# (SP): Definitions and Exampl

```Stat 761 Winter 2015
Stochastic Processes
Instructor: A. Swishchuk
Lecture 25: Stationary Processes (SP):
Definitions and Examples
Outline
⇒ SP: Definitions
⇒ SP: Examples
1
SP: Definitions
Def. 1. A stationary process is a stochastic process (X(t), t ∈ T ) with
the property that for any positive integer k and any points t1 , t2 , ..., tn , and
h in T, the joint distribution of (X(t1 ), ..., X(tk )) is the same as the joint
distribution of (X(t1 + h), ..., X(tk + h)).
Short Examples.
1. Electrical pulses in communication theory are SPs.
2. The spatial and/or planar distriutions of stars or galaxies are SPs.
3. Economic time series, such as unemployment, gross national product
(GNP), national income, etc., are SPs.
If the mean m(t) = E[X(t)] exists, it follows that this quantity must be
constant, m(t) = m for all t. Similarly, if the second moment E[X(t)]2 is
finite, then the variance σ 2 = E[(X(t) − m)]2 is a constant, independent of
time.
Let t and s be time points, and suppose, that t > s. Using the stationary
property, we compute the covariance
E[(X(t) − m)(X(s) − m)] = E[(X(t − s) − m)(X(0) − m)]
such that the right-hand side depends only on the time difference t − s. If we
define the covariance function,
R(h) = E[(X(h) − m)(X(0) − m)],
then
E[(X(t) − m)(X(s) − m)] = R(|t − s|).
Obviously, σ 2 = R(0).
To standardize the covariance we introduce the so-called the correlation
function or autocorrelation function, defined by
ρ(v) =
1
R(v) = R(v)/R(0).
σ2
Then ρ(0) = 1, and it can be shown (using Schwartz’ inequality) that −1 ≤
ρ(v) for all v.
Def. 2. A covariance stationary process is a stochastic process (X(t), t ∈
T ) havinf finite second moments, E[X(t)]2 < +∞, a constant mean m =
E[X(t)], and a covariance E[(X(t) − m)(X(s) − m)] that depends only on
the time difference |t − s|.
Other terms usedin the literature synonymously with covariance stationary are weakly stationary or wide-sense stationary, and what we have called
s tationary process is often termed strictly stationary to emphasize the distinction. Every SP with the second moments is covariance stationary, and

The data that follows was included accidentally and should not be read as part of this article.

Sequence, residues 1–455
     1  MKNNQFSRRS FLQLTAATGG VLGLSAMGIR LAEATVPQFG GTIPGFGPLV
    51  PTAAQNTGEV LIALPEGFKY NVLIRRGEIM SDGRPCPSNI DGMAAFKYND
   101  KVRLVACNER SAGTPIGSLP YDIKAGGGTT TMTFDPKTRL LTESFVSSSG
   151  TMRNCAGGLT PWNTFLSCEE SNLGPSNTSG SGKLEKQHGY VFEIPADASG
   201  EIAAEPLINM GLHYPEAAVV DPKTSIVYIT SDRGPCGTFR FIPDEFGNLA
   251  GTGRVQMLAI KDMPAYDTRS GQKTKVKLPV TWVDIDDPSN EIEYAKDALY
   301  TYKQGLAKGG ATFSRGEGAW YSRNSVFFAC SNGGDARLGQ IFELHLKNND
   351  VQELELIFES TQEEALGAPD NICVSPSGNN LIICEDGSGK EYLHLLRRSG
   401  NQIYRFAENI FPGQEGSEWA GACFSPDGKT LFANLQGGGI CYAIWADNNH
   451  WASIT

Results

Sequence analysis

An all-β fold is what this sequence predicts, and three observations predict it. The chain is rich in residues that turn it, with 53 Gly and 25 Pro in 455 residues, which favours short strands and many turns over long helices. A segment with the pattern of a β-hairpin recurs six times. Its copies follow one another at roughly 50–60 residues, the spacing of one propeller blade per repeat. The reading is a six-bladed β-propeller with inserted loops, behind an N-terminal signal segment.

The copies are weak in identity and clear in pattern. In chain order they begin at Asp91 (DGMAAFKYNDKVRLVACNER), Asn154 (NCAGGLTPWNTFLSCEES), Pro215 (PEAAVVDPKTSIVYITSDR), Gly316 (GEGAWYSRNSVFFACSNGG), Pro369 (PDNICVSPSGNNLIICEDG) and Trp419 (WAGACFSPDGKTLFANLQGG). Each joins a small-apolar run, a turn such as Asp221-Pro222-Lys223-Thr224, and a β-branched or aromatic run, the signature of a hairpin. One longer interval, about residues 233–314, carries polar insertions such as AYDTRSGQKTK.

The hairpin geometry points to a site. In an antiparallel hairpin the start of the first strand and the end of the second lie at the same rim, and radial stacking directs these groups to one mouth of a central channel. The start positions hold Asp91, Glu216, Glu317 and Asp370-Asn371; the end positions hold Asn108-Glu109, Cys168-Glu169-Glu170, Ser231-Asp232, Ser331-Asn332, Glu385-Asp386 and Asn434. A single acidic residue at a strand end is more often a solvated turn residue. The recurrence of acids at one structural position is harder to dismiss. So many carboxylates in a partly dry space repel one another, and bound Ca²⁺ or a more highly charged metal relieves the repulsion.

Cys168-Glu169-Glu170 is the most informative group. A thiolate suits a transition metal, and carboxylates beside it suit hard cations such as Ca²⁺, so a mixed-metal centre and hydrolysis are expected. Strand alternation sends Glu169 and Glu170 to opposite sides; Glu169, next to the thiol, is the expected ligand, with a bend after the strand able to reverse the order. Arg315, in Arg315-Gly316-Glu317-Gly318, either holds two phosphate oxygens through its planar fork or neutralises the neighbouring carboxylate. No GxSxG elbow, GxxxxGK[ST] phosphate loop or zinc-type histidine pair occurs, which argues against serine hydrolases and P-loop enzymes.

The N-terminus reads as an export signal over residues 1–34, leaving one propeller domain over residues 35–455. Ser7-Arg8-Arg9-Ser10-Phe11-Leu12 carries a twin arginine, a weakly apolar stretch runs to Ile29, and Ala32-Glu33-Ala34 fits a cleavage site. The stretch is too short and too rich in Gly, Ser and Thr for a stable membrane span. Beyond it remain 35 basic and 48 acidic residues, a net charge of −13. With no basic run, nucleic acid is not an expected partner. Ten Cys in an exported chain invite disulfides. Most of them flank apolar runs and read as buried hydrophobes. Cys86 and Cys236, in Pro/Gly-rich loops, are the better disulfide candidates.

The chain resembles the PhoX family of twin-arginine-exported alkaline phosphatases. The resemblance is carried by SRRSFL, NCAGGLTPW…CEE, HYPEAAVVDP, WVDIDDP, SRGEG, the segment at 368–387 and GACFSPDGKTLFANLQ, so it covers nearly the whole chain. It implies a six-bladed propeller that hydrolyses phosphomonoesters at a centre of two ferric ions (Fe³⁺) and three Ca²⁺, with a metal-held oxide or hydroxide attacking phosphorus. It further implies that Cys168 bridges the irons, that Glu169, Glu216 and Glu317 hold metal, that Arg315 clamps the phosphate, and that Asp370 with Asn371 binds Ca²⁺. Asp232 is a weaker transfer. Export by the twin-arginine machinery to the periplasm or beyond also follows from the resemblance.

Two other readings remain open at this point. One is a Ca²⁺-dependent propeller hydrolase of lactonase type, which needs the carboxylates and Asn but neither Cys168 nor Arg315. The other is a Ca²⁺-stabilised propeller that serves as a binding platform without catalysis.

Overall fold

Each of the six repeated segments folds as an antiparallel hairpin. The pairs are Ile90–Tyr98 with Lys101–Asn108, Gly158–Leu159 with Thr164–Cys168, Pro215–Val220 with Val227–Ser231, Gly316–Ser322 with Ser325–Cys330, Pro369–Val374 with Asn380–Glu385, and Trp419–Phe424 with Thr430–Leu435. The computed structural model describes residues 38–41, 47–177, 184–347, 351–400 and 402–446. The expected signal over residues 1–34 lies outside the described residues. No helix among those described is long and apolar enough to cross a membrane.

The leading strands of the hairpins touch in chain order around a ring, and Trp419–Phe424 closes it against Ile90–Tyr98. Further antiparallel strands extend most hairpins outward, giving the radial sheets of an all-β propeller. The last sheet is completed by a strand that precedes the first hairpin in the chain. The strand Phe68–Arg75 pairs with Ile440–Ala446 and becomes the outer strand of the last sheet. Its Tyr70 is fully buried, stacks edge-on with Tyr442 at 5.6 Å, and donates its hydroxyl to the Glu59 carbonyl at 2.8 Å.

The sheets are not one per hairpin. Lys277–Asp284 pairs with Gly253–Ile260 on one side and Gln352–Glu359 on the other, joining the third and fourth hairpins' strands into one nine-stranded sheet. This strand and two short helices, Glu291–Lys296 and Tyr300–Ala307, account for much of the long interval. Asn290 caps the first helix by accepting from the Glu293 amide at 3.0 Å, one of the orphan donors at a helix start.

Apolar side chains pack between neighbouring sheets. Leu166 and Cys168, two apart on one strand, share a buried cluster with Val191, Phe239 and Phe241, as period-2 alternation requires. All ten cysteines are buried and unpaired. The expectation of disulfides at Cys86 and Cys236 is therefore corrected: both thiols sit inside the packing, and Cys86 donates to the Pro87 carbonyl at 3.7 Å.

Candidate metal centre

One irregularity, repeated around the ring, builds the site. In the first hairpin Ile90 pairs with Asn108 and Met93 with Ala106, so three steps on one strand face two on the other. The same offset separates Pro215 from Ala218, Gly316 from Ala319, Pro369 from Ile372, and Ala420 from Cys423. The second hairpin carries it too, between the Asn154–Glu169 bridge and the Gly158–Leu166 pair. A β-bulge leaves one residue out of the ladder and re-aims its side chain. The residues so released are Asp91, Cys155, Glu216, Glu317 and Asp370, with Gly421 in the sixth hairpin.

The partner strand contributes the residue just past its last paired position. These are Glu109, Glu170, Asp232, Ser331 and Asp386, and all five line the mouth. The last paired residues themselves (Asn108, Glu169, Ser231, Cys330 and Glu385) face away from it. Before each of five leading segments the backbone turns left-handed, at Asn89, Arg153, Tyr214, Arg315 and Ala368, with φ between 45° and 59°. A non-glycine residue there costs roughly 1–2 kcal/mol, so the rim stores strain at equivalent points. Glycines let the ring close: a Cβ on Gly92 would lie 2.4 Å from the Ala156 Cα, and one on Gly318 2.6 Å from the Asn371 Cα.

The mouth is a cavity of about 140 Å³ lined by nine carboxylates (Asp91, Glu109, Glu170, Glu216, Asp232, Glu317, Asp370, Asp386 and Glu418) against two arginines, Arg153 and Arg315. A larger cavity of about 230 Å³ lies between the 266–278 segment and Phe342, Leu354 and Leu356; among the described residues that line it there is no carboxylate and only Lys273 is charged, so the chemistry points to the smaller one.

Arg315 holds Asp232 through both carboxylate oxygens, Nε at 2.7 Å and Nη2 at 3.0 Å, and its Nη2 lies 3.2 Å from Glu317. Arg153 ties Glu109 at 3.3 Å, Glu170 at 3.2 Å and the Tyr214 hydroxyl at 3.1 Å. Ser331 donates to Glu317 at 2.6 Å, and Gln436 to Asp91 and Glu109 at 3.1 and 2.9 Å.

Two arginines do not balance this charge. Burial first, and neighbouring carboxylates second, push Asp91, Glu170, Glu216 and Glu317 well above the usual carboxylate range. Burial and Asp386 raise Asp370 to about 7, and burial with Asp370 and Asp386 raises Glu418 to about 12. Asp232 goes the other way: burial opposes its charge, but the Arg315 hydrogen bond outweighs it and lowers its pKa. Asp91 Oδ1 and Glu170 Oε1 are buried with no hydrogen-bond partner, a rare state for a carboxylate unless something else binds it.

a covariance stationary process is not in general a stationary. Exception is
only for Gaussian process, because its distribution is defined by the first two
moments.
2
SP: Examples
1. Two Contrasting SPs
i) A sequence Yi of i.i.d.r.v.s is a stationary process. If the variance is σ 2
then the process is covariance stationary, and the covariance function is
2
σ , f or v = 0,
R(v) =
0, f or v 6= 0.
ii) Let Z be a single r.v. with known distribution and set Z0 = Z1 = Z2 =
... = Z. This process is stationary. If the r.v. Z has a finite variance σ 2 , the
the process is covarinace stationary, and the covariance function is
R(v) = σ 2 .
In this way, Yn and Zn are extremes and may be used toexemplify contrasting
behavior of SPs. Observing Y1 , Y2 , ..., Yn provides no information that could
be used to predict Yn+1 , while observing only Z0 enables Z1 , Z2 , ... to be
predicted exactly. Here is a second way that the processes are opposites.
Suppose the process Yn has a finite mean value function m. The by the LLN,
the sample average
Y0 + Y1 + ... + Yn
n
converges to the constant m = E[Y0 ]. No such convergence takes place in the
Zn process. Indeed
Z0 + Z1 + ... + Zn−1
= Z0 = Z
n
and there is just as much ’randomness’ in the nth sample average as there is
in the first observation.
2. Trigonometrical Polynomials Let A and B be i.d.r.v.s having a
mean of zero and variance σ 2 . We suppose that A and B are uncorrelated,
i.e., E[AB] = 0. Fix a frequency ω ∈ [0, π] and for n = 0, ±1, ±2, ... define
Xn = A cos(ωn) + B sin(ωn).
Then E[Xn ] = 0 and
E[Xn Xn+v ] = σ 2 cos(ωv).
The process is covariance stationary. If A and B have a normal distributon
with mean zero and variance σ 2 , the process is Gaussian and thus strictly
stationary.
3. Moving Average Processes Let ξn , n = 0, ±1, ±2, ..., be uncorrelated r.v. having a common mean µ and variance σ 2 . Let a1 , a2 , ..., am be
arbitrary real numbers and consider the process defined by
Xn = a1 ξn + a2 ξn−1 + ... + am ξn−m+1 .
We have
E[Xn ] = µ(a1 + ... + am ),
and
V ar[Xn ] = σ 2 (a21 + ... + a2m ).
The process is covariance stationary.
4. Stationary Markov Chains Let Xn be a stationary MC with stationary probability πi . This process is stationary process, as P (Xn = j) = πj
and P (Xn = i, Xn+1 = j) = P (Xn = i)P (Xn+1 = j|Xn = i) = πi Pij , and so
on. The joint distribution of (Xn , Xn+1 , ..., Xn+k ) does not depend on n.
5. Incremented Poisson Process Let X(t) := N (t + L) − N (t), t ≥
0, L > 0−fixed constant, and N (t) is a Poisson process having rate λ. The
stationary property follows from the stationary and independent increment
assumption of the Poisson process, which implies that the continuation of a
Poisson process at any time s remains a Poisson process. The same statement
valid for standard Wiener process.
Recommended Textbook: ’A First Course in Stochastic Processes’ by
S. Karlin and H. Taylor, Academic Press, 2nd ed., 1975, Chapter 9, Sec. 1.
Recommended Exercises: 1, p.525.
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